Matza argued that instead of crime being a feature of deviant values shared in criminal subcultures, in fact we all had so-called “subterranean values” that, for the most part, we managed to control and inhibit.  He argued that criminals use techniques of neutralisation because they know that their actions are deviant, that they do share the value consensus of the rest of society and wish to “neutralise” their transgression as soon as possible. Thus they try to explain their deviant actions in such a way as to return quickly to being a normal, compliant member of society.  They will deny responsibility, deny injury, appeal to higher loyalties, etc.  However, critics suggest this is just people making excuses to try and get away with their crimes.  It is not that they share mainstream values but that they are aware that they have behaved in a deviant way and wish to avoid punishment by appealing for mitigation.

Techniques of neutralization are a theoretical series of methods by which those who commit illegitimate acts temporarily neutralize certain values within themselves which would normally prohibit them from carrying out such acts, such as morality, obligation to abide by the law, and so on. In simpler terms, it is a psychological method for people to turn off inner protests when they do, or are about to do something they themselves perceive as wrong.

The idea of such techniques was first postulated by David Matza (born May 1, 1930) and Gresham Sykes (born 1922) during their work on Edwin Sutherland’s Differential Association in the 1950s. While Matza and Sykes were at the time working on juvenile delinquency, they theorised that the same techniques could be found throughout society and published their ideas in Delinquency and Drift 1964.

Techniques of neutralization do just this by providing simple and powerful rationales for why we violate society’s norms, and we use them to explain to ourselves and others why it was “okay” that we do wrong. Matza and Sykes identified five separate techniques of neutralization:

1) Denial of responsibility. We acknowledge doing the behavior considered wrong, but we claim that we had no choice—that we had to do or we were forced to do so.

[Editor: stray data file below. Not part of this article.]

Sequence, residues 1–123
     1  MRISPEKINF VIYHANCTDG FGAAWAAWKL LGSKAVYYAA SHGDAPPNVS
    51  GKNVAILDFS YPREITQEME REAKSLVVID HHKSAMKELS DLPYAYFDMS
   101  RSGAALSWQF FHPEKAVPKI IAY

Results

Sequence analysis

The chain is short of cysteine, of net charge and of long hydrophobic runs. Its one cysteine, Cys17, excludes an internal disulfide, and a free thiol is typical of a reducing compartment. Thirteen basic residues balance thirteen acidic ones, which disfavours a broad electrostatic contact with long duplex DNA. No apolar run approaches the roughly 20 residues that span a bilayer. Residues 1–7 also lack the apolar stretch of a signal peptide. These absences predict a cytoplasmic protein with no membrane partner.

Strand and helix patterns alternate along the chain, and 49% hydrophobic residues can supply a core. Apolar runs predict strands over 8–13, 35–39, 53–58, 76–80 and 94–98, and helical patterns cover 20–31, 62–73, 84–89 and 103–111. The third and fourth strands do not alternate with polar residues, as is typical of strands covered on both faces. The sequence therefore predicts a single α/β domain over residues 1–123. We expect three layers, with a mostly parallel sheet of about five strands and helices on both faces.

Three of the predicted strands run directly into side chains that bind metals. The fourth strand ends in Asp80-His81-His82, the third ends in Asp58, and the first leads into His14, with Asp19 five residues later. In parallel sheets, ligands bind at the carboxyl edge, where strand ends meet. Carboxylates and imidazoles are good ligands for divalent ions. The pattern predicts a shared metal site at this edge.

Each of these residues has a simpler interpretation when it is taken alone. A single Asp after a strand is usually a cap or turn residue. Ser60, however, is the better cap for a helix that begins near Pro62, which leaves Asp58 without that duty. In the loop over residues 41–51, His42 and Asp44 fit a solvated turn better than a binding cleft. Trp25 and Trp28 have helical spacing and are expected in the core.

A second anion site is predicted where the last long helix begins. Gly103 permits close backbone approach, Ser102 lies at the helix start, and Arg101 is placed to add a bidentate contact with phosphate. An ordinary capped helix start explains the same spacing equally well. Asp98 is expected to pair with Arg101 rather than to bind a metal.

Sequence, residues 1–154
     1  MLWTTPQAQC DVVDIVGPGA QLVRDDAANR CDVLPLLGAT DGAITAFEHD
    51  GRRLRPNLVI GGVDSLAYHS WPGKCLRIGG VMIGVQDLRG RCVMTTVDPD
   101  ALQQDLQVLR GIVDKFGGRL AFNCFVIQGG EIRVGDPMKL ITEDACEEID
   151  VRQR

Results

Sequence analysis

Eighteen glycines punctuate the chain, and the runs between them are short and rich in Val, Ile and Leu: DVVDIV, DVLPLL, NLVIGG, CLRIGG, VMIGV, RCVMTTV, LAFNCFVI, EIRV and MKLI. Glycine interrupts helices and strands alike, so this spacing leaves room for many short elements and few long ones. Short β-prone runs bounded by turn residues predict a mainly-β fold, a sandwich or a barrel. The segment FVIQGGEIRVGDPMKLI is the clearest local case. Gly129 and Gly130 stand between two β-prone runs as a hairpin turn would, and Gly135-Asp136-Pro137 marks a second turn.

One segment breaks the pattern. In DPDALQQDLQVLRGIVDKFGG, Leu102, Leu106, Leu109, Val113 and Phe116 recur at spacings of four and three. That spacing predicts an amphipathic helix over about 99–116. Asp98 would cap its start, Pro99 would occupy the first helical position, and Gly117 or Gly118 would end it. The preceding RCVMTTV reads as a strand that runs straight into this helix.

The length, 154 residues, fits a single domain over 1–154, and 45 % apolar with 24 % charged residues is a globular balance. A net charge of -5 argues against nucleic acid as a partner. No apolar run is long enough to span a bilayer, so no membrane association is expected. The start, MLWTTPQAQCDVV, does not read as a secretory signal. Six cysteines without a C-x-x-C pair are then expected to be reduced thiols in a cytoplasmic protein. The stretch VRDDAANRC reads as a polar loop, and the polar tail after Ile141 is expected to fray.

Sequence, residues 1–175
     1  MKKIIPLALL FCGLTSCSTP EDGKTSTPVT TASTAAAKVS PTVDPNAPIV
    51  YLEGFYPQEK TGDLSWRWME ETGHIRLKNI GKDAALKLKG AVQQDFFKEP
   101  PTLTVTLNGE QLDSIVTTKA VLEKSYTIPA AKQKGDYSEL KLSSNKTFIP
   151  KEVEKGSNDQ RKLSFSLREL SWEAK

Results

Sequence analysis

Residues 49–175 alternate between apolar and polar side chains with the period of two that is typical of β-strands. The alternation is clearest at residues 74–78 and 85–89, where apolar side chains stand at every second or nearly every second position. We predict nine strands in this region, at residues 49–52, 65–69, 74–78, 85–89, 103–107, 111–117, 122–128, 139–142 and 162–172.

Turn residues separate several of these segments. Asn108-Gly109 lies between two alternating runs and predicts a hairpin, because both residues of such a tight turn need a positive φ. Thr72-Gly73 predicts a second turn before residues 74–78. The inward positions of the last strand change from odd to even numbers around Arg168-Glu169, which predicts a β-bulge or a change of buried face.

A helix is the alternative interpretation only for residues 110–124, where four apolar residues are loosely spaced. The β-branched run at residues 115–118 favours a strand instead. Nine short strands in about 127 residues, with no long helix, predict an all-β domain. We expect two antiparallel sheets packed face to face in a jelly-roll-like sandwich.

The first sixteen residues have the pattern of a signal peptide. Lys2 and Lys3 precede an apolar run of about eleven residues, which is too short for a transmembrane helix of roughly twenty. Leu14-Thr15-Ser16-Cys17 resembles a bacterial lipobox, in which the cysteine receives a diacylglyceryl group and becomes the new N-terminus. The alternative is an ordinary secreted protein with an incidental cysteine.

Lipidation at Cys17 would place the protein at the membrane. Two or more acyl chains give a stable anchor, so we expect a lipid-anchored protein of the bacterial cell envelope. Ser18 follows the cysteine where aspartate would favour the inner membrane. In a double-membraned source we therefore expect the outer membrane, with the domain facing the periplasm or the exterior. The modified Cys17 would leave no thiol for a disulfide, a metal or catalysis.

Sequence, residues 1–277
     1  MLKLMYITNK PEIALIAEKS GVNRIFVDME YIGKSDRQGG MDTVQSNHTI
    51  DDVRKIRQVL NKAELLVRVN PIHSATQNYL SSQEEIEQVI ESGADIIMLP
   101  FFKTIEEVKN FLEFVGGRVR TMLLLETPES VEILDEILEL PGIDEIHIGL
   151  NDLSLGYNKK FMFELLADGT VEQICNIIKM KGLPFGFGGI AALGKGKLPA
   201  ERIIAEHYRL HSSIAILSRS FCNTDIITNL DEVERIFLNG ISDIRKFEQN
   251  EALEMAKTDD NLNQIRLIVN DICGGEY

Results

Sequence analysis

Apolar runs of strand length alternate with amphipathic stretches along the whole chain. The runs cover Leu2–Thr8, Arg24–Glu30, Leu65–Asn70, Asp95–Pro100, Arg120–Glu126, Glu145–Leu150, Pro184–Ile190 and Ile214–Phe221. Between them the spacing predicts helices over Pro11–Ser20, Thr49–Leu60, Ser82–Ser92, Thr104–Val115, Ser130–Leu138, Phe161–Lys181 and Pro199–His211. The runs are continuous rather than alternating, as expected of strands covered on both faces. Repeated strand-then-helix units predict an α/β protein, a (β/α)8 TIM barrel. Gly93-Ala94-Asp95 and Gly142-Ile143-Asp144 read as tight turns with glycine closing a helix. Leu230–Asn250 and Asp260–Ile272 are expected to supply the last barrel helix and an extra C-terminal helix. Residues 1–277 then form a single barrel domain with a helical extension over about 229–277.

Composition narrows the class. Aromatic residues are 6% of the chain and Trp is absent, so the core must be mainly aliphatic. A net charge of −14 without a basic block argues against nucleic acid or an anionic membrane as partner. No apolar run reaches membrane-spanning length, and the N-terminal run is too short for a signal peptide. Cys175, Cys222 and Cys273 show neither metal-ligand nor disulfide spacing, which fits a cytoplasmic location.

2) Denial of injury. We acknowledge doing the wrong action, but we claim that no one was harmed by what we did, so it really shouldn’t be a problem.

3) Blaming the victim. We acknowledge that people were hurt by our actions, but we claim that though we did the action, it was really the victim’s fault—they brought about or otherwise deserved our behavior.

4) Condemn the condemners. We abdicate all responsibility for our behavior, and instead we point to the people condemning us. They are the problem, not us. What they have done wrong excuses our behavior.

5) Appealing to a higher loyalty. We claim that while we violated some social norms, we’re actually adhering to other norms and loyalties, and these higher principles justify our behavior.

It’s pretty straightforward to illustrate these techniques using everyday wrongdoing. Suppose that you cheat on a test. You could deny responsibility. Rather than redefine yourself as a cheater, you might decide that you really had no choice—you just have to graduate this semester.

Matza and Sykes’ theory states that people are always aware of their moral obligation to abide by the law, and that they have the same moral obligation within themselves to avoid illegitimate acts. Thus, they reasoned, when a person did commit illegitimate acts, they must employ some sort of mechanism to silence the urge to follow these moral obligations.

This theory rejects other theories which suggested that groups containing delinquents have set up their own permanent moral code which completely replaces moral obligations. Thus, Matza and Sykes were able to explain how offenders ‘drift’ from illegitimate to legitimate lifestyles repeatedly, as they retain the moral code rather than wipe it clean to be replaced by a more illegitimate one as previous theories suggested.

Further research in the theory has produced inconclusive results. Offenders have been found both with a solid belief in their moral obligations, and without. Travis Hirschi, a social bond theorist, also raised the question as to whether the offender develops these techniques to neutralise their qualms regarding offending before or after they actually commit the offence.

Neutralization Theory was introduced by Sykes and Matza in 1957, facing the then prevailing criminological wisdom that offenders engage in crime because they adhere to an oppositional subcultural rule set that values law breaking and violence, they rejected this perspective. Subsequent research revealed that the original formulation of the Sykes and Matza’s theory explains only the behavior of “conventionally attached individuals” not those of “nonconventionally oriented individuals” such as “criminally embedded street offenders”. Professor Volkan Topalli, at Georgia State University, in his article The Seductive Nature of Autotelic Crime: How Neutralization Theory Serves as a Boundary Condition for Understanding Hardcore Street Offending, explains that for those groups “guilt is not an issue at all because their crimes are not only considered acceptable, but attractive and desirable”.